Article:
BOONE—Dr. Cheryl Claassen and Dr. Gwen Robbins-Schug are faculty members in Appalachian State University’s Department of Anthropology. They also are active researchers and scholars whose work is adding to, and sometimes changing, the accepted knowledge base in their respective fields.
Claassen and Robbins-Schug have been recognized by their colleagues for their scholarly work and their contributions to the College of Arts and Sciences.
Claassen recently received the college’s Donald W. Sink Outstanding Scholar Award. Robbins-Schug received the William C. Strickland Outstanding Young Faculty Award.
Each received a cash award to assist with research-related travel expenses, a certificate and a medallion to wear as part of their academic robes during commencement and convocation ceremonies.
Claassen came to Appalachian in 1983 shortly after completing her Ph.D. in anthropology from Harvard University.
On average, she publishes a book every four years and two articles each year. Her most recent book, “Feasting with Shellfish in the Southern Ohio Valley: Archaic Sacred Sites and Rituals,” was published by the University of Tennessee Press. The book challenges long-standing theories about hunter-gatherer life in the southern Ohio Valley.
“It’s important that our students understand women are being recognized for research activity, not just for being teachers in the classroom,” Claassen said of the award.
She plans to use the award money to travel to western and southern Mexico or Guatemala to continue her research related to sacred landscapes, such as caves, trails and mountain top shrines.
That research has evolved from her decades-long research pertaining to freshwater shell middens – heaps of clam, oyster, whelk or mussel shells that originally were considered to be waste piles. Claassen argued early in her academic career that they were more likely feasting locations or sacred sites, a theory that since then has been championed by other scholars.
She will use what she learns about pilgrimages and trails in Mexico to better understand what sacred places, such as caves, springs and waterfalls in the United States might have been like and how they were connected by paths and trails.
“When I started my academic career, I studied shells as economic food debris, then I began thinking about these shell places as ritual places, and then about what other kinds of ritual places were part of the landscape,” Claassen said. “I have heard a lot of academic researchers say they had finished a project and couldn’t think of what to undertake next. My research is all connected.”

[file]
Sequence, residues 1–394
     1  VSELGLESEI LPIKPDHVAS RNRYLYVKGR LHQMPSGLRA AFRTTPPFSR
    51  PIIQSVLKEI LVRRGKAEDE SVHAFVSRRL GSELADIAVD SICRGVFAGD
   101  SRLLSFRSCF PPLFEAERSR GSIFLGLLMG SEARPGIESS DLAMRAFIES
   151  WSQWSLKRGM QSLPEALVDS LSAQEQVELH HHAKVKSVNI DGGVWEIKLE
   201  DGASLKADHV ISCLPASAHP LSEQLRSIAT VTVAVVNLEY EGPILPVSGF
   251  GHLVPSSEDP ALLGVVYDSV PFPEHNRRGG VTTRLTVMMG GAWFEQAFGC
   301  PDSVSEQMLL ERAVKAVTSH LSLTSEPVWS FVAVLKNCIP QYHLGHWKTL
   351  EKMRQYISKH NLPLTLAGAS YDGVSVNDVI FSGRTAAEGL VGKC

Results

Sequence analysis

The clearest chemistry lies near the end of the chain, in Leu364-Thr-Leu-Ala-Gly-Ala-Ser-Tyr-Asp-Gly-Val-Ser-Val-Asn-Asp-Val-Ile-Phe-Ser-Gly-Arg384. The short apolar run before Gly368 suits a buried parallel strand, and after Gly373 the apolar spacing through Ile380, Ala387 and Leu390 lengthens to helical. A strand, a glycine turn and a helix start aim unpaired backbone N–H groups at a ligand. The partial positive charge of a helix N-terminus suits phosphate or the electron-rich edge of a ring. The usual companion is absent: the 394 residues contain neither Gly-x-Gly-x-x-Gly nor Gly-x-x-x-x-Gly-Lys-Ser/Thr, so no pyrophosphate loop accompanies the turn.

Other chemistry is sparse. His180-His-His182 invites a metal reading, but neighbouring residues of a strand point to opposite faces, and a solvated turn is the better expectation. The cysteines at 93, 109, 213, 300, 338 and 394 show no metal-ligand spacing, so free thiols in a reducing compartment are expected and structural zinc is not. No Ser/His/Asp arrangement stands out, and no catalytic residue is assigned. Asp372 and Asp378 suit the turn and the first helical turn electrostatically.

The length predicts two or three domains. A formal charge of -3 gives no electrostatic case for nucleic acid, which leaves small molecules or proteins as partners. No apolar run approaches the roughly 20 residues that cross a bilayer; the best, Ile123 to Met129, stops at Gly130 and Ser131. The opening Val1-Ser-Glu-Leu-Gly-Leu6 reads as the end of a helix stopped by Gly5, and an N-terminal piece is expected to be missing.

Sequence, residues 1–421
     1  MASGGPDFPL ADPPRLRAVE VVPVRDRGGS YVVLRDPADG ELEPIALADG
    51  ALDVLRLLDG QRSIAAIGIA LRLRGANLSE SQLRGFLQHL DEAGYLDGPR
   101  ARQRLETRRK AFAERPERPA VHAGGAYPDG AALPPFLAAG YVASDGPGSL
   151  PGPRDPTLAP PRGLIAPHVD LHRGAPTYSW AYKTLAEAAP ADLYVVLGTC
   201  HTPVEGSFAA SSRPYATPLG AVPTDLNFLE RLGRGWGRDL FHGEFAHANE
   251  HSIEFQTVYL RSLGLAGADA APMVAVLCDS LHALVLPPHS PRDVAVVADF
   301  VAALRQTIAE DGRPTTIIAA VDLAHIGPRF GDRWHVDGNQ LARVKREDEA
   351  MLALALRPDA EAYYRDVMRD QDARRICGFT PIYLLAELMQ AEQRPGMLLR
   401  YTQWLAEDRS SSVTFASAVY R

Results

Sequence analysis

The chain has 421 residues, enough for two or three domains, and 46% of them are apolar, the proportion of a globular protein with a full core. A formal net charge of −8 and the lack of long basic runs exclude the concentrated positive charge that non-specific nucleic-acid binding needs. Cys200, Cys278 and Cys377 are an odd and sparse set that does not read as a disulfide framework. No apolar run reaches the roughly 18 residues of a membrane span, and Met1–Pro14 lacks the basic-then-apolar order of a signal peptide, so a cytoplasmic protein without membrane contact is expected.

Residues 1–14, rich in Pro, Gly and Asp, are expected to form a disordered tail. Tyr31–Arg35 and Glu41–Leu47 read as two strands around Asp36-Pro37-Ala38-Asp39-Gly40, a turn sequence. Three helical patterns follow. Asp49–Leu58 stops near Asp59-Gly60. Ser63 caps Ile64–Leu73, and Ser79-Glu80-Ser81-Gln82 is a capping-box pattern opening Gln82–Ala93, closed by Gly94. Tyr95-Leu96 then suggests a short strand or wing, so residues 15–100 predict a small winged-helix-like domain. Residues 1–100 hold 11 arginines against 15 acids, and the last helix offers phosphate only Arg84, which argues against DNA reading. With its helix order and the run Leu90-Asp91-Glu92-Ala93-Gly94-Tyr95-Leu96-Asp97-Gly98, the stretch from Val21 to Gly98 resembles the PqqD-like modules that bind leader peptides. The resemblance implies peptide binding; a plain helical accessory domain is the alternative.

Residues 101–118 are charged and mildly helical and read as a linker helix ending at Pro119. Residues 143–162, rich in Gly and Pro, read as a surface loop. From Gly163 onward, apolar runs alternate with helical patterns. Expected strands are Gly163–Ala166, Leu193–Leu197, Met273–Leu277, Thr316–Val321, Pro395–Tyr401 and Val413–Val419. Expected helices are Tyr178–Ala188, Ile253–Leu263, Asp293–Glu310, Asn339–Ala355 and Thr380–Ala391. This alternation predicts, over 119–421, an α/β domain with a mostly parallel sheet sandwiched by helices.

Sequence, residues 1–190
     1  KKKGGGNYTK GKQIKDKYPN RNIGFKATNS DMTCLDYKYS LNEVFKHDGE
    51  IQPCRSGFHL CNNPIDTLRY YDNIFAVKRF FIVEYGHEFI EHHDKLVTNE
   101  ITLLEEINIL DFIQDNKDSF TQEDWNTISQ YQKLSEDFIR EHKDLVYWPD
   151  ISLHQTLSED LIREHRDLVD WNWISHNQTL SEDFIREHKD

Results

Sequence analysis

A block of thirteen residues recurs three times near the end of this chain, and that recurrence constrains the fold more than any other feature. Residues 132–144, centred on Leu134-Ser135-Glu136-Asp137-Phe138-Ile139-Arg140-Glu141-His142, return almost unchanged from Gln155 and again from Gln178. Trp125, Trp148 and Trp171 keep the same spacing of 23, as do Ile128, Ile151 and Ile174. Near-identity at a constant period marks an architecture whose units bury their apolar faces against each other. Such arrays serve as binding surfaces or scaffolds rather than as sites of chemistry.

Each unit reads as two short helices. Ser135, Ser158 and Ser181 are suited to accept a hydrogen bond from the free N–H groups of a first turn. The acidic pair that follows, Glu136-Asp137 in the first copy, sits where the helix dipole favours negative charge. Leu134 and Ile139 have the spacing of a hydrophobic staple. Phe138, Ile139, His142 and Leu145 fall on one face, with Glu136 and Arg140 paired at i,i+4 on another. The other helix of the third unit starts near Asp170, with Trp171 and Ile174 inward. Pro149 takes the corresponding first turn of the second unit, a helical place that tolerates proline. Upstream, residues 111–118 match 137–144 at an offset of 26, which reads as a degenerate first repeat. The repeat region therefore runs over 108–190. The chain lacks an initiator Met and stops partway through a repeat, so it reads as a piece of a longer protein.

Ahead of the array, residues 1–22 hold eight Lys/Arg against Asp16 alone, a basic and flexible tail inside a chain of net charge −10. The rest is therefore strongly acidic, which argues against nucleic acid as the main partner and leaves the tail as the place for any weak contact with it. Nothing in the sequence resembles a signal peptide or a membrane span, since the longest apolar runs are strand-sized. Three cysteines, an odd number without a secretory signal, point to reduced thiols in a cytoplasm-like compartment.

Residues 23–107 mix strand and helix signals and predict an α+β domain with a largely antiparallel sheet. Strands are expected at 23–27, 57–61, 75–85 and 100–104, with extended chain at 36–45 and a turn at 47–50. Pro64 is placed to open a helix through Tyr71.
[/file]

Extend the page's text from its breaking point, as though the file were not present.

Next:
Claassen has received three National Science Foundation grants during her academic career, served for six years as the editor of the “Regendering the Past” book series published by the University of Pennsylvania, and has been the keynote speaker at several national and international conferences.
Professor Kenneth Sassaman from the University of Florida refers to Claassen’s work “as a benchmark of contemporary thinking in archaeology” that has been “agenda setting and highly provocative.”
Robbins-Schug is in her fourth year as an assistant professor of anthropology. She came to Appalachian in 2006 while she was a Ph.D. candidate in anthropology at the University of Oregon.
While at Appalachian, Robbins-Schug has established herself as a top researcher. Since completing her degree in 2007, she has published five journal articles in top-tier journals such as American Antiquity and the American Journal of Physical Anthropology. She has a forthcoming chapter in a book to be published by the University of Oklahoma Press, two encyclopedia entries, three published abstracts, and she is sole-author on a forthcoming book, “Bioarchaeology and climate change: a view from South Asian prehistory,” which will be published by the University Press of Florida.
Dr. Clark Spencer Larsen, distinguished professor and chair of the Department of Anthropology at Ohio State University, writes of Robbins-Schug’s forthcoming book, “It will be a major contribution in bioarchaeological research and it address a timely and important topic, climate change and human adaptation in the past.”
“Receiving this award confirmed my sense that my department chair values my contribution to the department, the university, and to the field,” Robbins-Schug said of her nomination for the award. “He has worked hard to get me the resources I need to conduct my research. It’s nice to know value has been placed on my research contributions, especially for a relatively new faculty member.”
She will use her award to supplement a Fulbright Faculty Research Fellowship she has received to conduct research in India next semester. This work will focus on the health impact of urbanization in South Asia by examining skeletal material from the Harappa and Kalibangan archaeological sites.
Robbins-Schug will be accompanied by recent graduate Kelsey Gray, who will be entering the master’s degree program at University College London in the fall. Gray has co-authored two publications with Robbins-Schug.
“There aren’t very many bioarchaeologists researching in India. If I can encourage young scholars to focus on that academic area, it will really help expand the field of research,” she said.
In addition to her contributions to research, Robbins-Schug has helped the anthropology department build its curriculum in biological anthropology. As a result of the growing student interest in the area, a second tenure-track faculty position in biological anthropology has been added to the department.